The windows in the photos are double pane low E replacement units.  During the summer months, there is a period of about one hour near the end of each day when the sun hits, at most, the bottom third of that glass.   It does increase the interior temperature of the house slightly but it's not significant.


There are other structures to west which eliminate direct sunlight during the last half hour or more at the end of each day. 

(post #107077, reply #11 of 13)

I'm just making a general statement about window orientation. I know very little about your specifics, whether your window is due west facing, what the profile of the horizon looks like to the west (including nearby trees, buildings, hills, etc.). People often make incorrect assumptions about the ability of eaves/overhangs to shade west and east facing windows.


The shading you apparently get later on makes a huge difference. Unprotected windows ... even CLEAR low-e, while being better than single/double pane, that receive FULL sun in the late afternoon until sunset can cause substantial heat gain.


A narrow eave that would shade a south facing window during the 4-5 midday hours would do very little on the west. Even large overhangs will do little in the last3-4 hours of the day ... but it sounds like you do have some substantial shading after 5 pm. I've seen people alter their west side landscaping (e.g. removing trees or bushes) and then wonder what happened when their house overheats.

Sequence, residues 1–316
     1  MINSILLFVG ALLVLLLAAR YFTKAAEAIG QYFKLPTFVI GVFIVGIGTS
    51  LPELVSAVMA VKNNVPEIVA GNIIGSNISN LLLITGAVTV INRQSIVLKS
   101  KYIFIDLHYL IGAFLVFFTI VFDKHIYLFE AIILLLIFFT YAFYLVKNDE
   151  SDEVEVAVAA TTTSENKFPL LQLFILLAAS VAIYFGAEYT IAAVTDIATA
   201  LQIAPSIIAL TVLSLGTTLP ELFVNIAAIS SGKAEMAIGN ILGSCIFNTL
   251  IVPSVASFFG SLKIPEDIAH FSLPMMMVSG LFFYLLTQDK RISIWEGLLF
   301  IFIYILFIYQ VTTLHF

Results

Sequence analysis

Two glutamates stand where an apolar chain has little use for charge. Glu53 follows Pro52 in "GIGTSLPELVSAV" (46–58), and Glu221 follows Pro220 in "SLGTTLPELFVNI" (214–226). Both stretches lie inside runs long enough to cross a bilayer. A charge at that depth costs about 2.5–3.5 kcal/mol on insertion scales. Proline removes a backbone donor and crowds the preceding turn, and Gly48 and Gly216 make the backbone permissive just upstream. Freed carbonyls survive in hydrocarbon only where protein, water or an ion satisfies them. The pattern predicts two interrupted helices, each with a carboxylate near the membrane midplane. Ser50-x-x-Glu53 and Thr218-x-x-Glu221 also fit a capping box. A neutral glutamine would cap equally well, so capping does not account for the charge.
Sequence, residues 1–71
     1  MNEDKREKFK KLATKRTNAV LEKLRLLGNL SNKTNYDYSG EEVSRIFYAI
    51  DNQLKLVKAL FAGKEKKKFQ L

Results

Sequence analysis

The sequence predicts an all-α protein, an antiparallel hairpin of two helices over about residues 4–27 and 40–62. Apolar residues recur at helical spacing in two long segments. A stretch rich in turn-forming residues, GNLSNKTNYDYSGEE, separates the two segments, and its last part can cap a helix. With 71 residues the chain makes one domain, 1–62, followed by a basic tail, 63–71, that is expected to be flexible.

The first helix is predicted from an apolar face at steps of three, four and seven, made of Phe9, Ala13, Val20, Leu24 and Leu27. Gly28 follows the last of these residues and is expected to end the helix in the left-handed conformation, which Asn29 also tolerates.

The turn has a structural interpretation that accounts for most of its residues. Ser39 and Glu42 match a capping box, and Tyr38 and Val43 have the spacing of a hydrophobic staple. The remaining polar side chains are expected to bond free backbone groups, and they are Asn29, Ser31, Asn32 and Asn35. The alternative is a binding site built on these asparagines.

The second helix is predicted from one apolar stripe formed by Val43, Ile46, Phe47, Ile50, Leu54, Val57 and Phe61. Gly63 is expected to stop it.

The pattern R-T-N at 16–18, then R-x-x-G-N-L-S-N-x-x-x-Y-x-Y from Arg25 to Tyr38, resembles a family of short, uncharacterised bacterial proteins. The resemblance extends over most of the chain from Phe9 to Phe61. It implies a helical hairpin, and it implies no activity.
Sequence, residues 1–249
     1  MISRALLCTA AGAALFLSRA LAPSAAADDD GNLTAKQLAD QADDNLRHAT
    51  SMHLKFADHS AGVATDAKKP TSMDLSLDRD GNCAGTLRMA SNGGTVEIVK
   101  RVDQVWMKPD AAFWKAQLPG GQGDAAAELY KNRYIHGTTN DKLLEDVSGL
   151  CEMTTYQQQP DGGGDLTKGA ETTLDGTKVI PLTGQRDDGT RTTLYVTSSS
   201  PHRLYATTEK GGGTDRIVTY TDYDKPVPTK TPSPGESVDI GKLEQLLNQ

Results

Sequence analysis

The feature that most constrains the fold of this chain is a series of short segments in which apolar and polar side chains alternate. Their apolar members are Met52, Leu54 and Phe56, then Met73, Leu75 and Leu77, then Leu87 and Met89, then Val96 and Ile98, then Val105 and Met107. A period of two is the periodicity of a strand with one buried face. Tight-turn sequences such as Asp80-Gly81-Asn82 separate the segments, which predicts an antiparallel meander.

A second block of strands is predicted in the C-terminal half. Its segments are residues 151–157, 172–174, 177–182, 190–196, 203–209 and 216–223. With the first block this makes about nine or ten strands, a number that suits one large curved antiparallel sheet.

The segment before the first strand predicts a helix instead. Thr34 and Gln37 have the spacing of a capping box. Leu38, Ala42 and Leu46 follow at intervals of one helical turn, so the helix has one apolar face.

There ain't NO free lunch. Not no how, not no where!

(post #107077, reply #12 of 13)

Unprotected windows ... even CLEAR low-e, while being better than single/double pane, that receive FULL sun in the late afternoon until sunset can cause substantial heat gain.


And that's why I built the gabled awnings.  After I installed the replacement windows with the double low E glass, I discovered that low E wasn't all that I heard it was. The full sunlight coming through those two windows was bringing a lot of heat with it. 


So I did some simple experiments to see how much overhang would be required to keep the sun off the glass, with the exception already noted. 


Edit: I admit to taking some pride in how I've carefully modified this fifty-five year old San Fernando house to work with the elements. 


Compared to the next door neighbor's, this house and it's one 10K BTU AC unit, plus a few ceiling fans, uses less than 10% of the KWHs that their central air system does.  An extra $50/mo in July and August versus $700/mo. 


Their temperature is constant while this house varies from about 68 degrees to about seventy-five, on the hottest days.  They do nothing to keep their house at 70 degrees while we need to open and close a few windows and doors each day. 


I don't mind taking a walk around the house, twice a day.  And I'm almost as comfortable with the variations in our temperatures as they are with none.


It's becoming a national disgrace, how much energy is wasted in the U.S.  While I didn't start this project as an idealist, I'm glad to discover that my efforts at conservation are appropriate to these times.  




Edited 9/17/2008 10:30 am by Hudson Valley Carpenter

(post #107077, reply #13 of 13)

All right ... you did do some homework! Way to go! I totally agree with you! It sounds like you tuned into your house in some good ways to minimize the impact energy has on your on-going expenses. Hope you didn't think I was beating up on you ... just expressing some concepts for the benefit of others. What works in one situation doesn't always work in another ... so we each need to tune into what we have and take the other tools we learn from each other and apply them in an informed manner.

There ain't NO free lunch. Not no how, not no where!